Whodunnit revealed in Great Lakes Theater’s ‘absolutely enthralling’ production of Agatha Christie’s ‘And Then There Were None’
By Bob Abelman
It is a long-standing theater tradition that those who attend an Agatha Christie murder mystery must never expose its secrets to those who will be attending it next.
This tradition ends here, for this review will divulge — against better judgment and the expressed wishes of the theater’s artistic director — precisely whodunnit in the current Great Lakes Theater production of “And Then There Were None.”
But, as befits the murder mystery formula, a little context must first be presented to set up, in dramatic fashion, the big reveal.
Christie’s ingenious play is based on the best-selling author’s biggest-selling novel, written in 1939. In it, 10 individuals — strangers to each other but apparently known to their affluent but absent hosts, Mr. and Mrs. U.N. Owen — are lured to a secluded home on a private island off the coast of Devon, England.
Each one of them, we are told by a recorded message upon their arrival, has blood on his or her hands.
Over cocktails and uncomfortable conversation, the guests start dying one by one in ever more inventive fashion and in accordance with a macabre nursery rhyme called “Ten Little Soldier Boys” that is framed and hanging (yes, hanging … cue murder mystery music) by the fireplace mantel.
The original, racially insensitive title of this rhyme — which was sung as a standard in blackface minstrel shows in the United Kingdom — was the novel’s original title as well. It was subsequently changed to “Ten Little Indians,” and for obvious reasons, was changed again to “And Then There Were None,” as were later printings of the novel and adaptations for film, television and the stage.
What has this to do with revealing whodunit? Nothing whatsoever. This was just a distracting and infuriating red herring, of which there are plenty in this play.
Those left standing after each murder, and all of us sitting in the audience in the intimate Hanna Theatre, desperately try to figure out just who the murderer might be. The trick is to do so by the end of this play’s two intermissions and before the last body hits the ground.
But enough exposition about a play famous for it. Whodunnit?
Was it Jonathan Dyrud as thrill-seeking Anthony Marston, who loves fast cars, fine drink, and preferably, both at the same time? Perhaps it’s Nick Steen as the dashing Philip Lombard or Laura Welsh Berg as the Owens’ spicy secretary Vera Claythorne.
Could it be Tom Ford as the officious Honorable Lawrence Wargrave or David Anthony Smith as William Blore, a retired detective?
How about Dougfred Miller as irascible Dr. Armstrong, Laura Perrotta as cold-hearted missionary Emily Brent, or Aled Davies’ despondent General Mackenzie?
Perhaps it’s M.A. Taylor as manservant Rogers or Maggie Kettering’s Mrs. Rogers.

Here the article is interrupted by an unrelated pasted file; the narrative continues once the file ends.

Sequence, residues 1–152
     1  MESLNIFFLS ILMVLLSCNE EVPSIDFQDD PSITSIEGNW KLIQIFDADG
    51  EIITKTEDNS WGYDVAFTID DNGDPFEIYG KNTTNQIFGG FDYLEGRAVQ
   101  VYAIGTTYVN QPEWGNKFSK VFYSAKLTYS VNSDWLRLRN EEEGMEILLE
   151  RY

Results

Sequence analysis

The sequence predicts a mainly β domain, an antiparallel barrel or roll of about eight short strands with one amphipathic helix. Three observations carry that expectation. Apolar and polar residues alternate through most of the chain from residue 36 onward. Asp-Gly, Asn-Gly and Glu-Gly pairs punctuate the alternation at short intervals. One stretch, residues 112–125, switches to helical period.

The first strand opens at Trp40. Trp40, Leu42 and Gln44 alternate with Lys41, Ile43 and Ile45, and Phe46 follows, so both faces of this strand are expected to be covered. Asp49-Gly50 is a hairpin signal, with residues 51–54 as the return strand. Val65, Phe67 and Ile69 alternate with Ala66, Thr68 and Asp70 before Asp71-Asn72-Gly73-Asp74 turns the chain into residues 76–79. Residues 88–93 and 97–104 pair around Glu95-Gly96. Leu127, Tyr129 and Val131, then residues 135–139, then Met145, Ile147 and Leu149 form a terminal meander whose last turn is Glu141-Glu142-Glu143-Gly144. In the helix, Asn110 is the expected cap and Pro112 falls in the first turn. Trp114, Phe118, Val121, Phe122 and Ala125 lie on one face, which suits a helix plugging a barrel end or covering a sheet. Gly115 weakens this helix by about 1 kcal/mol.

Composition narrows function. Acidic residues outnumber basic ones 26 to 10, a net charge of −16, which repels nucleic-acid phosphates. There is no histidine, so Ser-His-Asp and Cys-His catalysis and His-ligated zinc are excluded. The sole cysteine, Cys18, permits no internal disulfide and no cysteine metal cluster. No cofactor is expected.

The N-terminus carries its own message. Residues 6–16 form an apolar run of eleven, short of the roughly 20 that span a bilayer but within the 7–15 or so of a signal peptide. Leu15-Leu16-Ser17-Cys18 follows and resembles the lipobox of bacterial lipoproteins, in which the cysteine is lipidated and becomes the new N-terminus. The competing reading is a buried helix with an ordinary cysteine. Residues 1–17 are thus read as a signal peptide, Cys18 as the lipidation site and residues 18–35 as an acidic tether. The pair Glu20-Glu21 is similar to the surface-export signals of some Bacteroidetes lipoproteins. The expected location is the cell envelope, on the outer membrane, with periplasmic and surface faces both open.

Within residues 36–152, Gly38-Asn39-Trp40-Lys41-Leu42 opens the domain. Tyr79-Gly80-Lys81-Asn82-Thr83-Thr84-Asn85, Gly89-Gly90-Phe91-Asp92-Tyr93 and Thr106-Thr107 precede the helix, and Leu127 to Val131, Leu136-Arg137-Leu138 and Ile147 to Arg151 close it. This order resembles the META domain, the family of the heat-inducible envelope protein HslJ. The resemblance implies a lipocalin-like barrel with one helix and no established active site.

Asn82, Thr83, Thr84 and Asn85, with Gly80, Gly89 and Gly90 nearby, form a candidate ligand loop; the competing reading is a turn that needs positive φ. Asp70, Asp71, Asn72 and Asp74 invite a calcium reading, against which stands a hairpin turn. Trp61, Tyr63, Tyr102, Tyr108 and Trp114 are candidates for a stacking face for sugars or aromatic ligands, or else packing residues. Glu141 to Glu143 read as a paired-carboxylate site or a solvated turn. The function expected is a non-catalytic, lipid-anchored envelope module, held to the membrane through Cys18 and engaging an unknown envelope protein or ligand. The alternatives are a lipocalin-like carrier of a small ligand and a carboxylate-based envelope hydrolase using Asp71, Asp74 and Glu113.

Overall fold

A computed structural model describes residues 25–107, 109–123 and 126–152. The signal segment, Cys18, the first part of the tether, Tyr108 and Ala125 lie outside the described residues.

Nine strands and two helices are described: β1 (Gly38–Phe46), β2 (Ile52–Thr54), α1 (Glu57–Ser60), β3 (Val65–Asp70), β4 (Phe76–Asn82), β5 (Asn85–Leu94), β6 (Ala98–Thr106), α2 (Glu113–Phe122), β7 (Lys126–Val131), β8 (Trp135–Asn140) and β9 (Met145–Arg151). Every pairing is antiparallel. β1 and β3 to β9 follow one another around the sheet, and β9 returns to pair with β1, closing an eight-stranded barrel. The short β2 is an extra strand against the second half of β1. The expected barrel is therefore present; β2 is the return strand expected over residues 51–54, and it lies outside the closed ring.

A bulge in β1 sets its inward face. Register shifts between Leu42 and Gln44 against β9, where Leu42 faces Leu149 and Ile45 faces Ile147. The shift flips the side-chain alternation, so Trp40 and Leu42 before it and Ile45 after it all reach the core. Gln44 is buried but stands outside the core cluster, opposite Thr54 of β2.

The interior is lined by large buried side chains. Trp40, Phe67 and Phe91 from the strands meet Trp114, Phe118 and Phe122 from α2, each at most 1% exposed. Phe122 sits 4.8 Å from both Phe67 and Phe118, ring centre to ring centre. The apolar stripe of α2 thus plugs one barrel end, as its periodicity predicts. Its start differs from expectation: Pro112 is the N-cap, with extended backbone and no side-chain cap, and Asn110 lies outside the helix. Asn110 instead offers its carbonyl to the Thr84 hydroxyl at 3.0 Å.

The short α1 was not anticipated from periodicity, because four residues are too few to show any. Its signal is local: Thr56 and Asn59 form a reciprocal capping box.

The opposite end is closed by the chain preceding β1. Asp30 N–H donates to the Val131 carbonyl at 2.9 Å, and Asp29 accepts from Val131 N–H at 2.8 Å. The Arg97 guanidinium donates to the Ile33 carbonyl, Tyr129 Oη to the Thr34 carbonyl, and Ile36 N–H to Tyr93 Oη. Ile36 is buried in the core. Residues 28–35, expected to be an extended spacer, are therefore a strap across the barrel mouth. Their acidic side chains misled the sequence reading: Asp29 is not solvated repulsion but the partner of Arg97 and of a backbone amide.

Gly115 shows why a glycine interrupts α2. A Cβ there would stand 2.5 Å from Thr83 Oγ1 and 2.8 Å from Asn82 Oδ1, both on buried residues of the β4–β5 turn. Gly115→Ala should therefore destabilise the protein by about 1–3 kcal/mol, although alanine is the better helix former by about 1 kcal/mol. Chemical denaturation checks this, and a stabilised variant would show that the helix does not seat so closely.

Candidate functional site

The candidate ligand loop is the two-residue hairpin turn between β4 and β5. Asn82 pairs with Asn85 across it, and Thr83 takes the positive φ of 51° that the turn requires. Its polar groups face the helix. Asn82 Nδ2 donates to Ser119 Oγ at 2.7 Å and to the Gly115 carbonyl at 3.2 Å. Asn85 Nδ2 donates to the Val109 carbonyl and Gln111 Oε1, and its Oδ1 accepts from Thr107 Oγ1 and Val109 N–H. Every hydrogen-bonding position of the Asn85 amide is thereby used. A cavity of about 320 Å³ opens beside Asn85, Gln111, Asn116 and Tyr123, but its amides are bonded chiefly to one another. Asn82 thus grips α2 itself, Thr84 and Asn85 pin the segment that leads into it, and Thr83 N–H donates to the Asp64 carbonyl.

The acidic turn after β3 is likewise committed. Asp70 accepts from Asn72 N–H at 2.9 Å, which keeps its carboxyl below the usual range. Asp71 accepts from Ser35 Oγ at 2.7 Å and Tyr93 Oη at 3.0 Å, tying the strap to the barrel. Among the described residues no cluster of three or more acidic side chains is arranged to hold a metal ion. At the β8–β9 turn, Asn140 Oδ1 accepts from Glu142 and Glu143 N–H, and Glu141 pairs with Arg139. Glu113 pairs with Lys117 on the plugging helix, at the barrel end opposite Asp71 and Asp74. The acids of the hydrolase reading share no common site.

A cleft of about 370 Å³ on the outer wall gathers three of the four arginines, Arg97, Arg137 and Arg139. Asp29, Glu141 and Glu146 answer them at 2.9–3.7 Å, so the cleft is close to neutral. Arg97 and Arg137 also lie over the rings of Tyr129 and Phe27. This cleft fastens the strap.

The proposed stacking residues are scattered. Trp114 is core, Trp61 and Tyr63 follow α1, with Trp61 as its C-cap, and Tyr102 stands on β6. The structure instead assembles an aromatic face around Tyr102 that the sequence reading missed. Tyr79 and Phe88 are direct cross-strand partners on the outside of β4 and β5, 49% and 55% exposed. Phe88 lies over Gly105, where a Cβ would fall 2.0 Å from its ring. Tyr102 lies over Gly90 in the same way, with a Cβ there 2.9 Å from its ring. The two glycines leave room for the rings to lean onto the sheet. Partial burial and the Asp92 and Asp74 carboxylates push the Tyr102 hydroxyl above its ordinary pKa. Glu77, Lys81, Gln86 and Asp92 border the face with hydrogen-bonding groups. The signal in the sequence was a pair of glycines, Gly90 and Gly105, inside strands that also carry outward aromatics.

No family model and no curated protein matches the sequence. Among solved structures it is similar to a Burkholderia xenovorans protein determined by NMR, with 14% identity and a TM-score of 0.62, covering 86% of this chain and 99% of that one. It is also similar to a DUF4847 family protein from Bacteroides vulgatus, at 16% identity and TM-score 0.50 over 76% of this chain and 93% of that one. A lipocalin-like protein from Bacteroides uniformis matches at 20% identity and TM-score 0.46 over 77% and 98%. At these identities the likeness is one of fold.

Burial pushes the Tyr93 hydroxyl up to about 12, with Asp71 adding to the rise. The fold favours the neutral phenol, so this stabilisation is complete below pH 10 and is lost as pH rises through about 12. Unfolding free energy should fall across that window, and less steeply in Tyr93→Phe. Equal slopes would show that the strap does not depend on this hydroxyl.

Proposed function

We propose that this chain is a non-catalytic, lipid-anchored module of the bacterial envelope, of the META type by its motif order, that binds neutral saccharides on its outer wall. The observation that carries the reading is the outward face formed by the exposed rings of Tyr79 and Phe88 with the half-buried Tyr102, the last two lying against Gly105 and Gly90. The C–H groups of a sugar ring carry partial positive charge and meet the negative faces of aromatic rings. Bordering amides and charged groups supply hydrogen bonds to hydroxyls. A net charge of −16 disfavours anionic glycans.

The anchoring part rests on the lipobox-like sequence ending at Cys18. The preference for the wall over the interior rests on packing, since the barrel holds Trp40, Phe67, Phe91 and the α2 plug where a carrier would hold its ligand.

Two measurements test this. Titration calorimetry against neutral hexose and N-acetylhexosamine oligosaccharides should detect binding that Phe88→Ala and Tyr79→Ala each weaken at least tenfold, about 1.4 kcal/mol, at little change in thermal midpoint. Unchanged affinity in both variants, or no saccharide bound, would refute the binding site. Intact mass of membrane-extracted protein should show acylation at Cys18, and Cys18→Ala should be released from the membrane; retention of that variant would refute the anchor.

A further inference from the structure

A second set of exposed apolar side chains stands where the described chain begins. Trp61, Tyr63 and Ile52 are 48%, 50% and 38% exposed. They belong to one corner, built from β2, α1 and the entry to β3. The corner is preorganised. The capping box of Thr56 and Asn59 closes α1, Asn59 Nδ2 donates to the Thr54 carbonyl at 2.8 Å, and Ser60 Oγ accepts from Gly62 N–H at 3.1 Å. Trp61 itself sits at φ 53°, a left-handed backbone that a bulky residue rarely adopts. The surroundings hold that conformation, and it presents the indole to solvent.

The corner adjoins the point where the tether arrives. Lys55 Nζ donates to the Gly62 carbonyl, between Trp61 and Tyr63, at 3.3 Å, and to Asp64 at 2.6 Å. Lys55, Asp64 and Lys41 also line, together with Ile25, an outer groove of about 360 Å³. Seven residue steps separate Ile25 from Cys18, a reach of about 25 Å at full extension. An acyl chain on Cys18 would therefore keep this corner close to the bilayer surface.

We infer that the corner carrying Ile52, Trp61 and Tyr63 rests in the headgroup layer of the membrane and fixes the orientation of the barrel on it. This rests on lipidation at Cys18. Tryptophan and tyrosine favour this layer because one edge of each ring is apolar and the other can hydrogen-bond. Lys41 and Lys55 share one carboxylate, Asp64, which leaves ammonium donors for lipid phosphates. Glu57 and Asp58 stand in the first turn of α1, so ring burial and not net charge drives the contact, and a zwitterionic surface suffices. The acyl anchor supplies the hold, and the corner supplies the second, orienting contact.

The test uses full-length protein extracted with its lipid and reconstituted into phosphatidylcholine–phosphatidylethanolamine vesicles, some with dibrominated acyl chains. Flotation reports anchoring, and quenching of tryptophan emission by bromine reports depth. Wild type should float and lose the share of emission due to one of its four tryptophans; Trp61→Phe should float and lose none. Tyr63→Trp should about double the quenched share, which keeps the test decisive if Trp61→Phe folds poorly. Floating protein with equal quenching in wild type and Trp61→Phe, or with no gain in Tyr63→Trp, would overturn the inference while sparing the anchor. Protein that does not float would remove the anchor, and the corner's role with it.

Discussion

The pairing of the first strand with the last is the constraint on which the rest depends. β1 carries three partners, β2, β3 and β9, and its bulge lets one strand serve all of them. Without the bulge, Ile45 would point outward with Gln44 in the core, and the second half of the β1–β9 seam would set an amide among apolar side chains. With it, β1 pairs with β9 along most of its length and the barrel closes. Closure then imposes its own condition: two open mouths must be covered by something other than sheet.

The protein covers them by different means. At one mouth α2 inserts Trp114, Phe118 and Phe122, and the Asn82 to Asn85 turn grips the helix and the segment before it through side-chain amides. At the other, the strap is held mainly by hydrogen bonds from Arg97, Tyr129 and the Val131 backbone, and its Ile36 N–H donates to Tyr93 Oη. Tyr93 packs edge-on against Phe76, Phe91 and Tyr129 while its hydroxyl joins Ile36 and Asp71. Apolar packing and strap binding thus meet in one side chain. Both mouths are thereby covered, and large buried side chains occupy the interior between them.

The answer is … yes (cue murder mystery music). All of them are responsible for turning this chestnut of a play and its game-board characters into a most remarkable, absolutely enthralling production. They all dunnit.
Leave it to Cleveland’s classic company, with an ensemble of actors trained in Shakespeare-speak and years of the Bard’s dramas and comedies under their belts, to find layers of complexity in these simply drawn characters and master the precise rhythms and melodramatic moments in this murder mystery.
Just watch these players when they are not speaking and see all that they do to add texture to the scene, build anticipation toward the next spoken line, and create dynamic tension in this production. They are in the moment every moment. And so, vicariously, are we.
And they don’t dunnit alone. Director Charlie Fee beautifully choreographs the dance these characters do as they try to expose each other without exposing themselves. Count the beats it takes a character to avoid suspicion by moving from one spot in the spacious living room to another, and then move on again, and you’ll get a sense of the intricate coordination and immense artistry that go into staging 10 actors who share the same space. And then nine. And then eight.
The spacious, gorgeous post-deco living room, a glass-enclosed rotunda that overlooks nothing but sky and a menacing crag that buttresses up against the house, is designed with superb attention to detail by Russell Metheny. It is beautifully lit by Rick Martin and enhanced with ambient sound — waves, gulls, storms (cue murder mystery music) — by Joe Court. And the period costumes by Kim Krumm Sorenson are exquisite.
Everything in this production is done with complete conviction, resulting in an evening of theater as surprising as it is engaging.
But don’t tell anyone. CV
WHAT: “And Then There Were None”
WHERE: Hanna Theatre, 2067 E. 14th St., Cleveland
WHEN: Through March 20
TICKETS & INFO: $13-$70. Call 216-241-6000 or visit to greatlakestheater.org.
Bob Abelman covers theater and cultural arts for the Cleveland Jewish News. Follow Bob at Facebook.com/BobAbelman3.
Originally published in the Cleveland Jewish News on March 3, 2016.
Lead image: The ensemble of “And Then There Were None.” PHOTO | Roger Mastroianni